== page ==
Because my parents and in laws live in Japan, we usually spend Thanksgiving with friends in the area. What makes the holiday so special is that we get an intimate glimpse of someone else’s family life and gain a deeper appreciation of our friends when we meet their sisters, parents, and cousins. Conversation flows, we all learn a little more about ourselves, and for that we are thankful.

Last night, after the 8th bottle of wine was uncorked, the conversation gets more intimate and personal. This year we were talking about cultural differences and social norms. An observation was made about how people on the West coast tend to gloss over difficult topics and dance around controversy to avoid conflict, especially compared to what we were used to from our friends from places back East. Izumi, my Japanese wife, is sensitive to this as in Japan the line around what you say to others as opposed to close friends and family is particularly well-defined.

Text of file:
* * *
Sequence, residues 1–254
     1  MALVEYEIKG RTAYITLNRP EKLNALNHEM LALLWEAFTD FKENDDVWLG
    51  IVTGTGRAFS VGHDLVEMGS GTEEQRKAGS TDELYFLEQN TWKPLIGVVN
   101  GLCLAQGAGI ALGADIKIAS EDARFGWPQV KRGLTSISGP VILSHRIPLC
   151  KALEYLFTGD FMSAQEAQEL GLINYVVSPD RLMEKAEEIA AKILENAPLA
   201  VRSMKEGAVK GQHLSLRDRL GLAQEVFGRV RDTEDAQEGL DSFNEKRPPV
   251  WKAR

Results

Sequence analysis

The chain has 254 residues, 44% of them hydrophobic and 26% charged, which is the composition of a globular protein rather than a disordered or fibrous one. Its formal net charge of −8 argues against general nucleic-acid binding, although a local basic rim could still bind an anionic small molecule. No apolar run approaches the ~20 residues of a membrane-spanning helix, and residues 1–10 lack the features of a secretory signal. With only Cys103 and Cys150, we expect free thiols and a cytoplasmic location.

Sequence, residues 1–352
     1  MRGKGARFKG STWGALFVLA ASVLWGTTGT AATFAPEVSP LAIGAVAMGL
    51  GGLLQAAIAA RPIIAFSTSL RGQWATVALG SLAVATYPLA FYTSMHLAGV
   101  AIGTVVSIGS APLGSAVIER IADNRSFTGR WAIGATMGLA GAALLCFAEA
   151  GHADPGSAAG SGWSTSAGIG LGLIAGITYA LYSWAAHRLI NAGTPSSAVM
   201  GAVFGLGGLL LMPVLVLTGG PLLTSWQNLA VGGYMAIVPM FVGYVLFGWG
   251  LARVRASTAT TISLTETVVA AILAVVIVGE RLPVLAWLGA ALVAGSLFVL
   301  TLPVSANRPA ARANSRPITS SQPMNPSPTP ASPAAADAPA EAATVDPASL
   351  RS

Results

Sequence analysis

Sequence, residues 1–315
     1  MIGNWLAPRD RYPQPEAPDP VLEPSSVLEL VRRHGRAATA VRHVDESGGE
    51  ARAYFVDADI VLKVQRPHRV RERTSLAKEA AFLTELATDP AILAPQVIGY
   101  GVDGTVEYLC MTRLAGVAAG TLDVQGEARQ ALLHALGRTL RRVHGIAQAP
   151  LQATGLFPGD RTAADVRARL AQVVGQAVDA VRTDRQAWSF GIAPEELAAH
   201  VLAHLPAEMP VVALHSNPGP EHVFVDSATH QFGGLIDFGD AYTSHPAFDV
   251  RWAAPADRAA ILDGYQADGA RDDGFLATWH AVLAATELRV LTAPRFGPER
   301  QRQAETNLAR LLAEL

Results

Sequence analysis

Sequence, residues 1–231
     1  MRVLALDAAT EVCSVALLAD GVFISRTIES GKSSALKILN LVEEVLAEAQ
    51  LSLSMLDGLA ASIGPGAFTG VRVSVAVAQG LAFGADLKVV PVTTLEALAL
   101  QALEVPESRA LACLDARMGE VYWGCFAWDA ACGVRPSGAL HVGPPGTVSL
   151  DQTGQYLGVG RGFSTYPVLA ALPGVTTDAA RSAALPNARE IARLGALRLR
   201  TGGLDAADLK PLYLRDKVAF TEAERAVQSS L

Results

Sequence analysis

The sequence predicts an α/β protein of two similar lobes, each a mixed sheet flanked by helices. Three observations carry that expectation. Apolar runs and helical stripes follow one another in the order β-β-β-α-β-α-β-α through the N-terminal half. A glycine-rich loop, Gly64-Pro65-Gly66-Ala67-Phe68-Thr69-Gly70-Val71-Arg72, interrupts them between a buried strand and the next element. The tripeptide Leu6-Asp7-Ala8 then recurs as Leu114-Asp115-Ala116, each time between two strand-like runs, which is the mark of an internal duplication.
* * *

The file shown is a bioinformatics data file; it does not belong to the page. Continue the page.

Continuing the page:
In Japan, directness is a privilege reserved for only your closest friends. This gets Izumi in trouble sometimes because she might say something to someone that puts them off when she was only trying to get a little closer to them. She says she comes off sounding “mean” but it’s not intended and this is especially hard for her to nuance because English is her second language. While explaining this, Izumi blurted out, I’m mean but I mean well!

A perfect bumper sticker is born!






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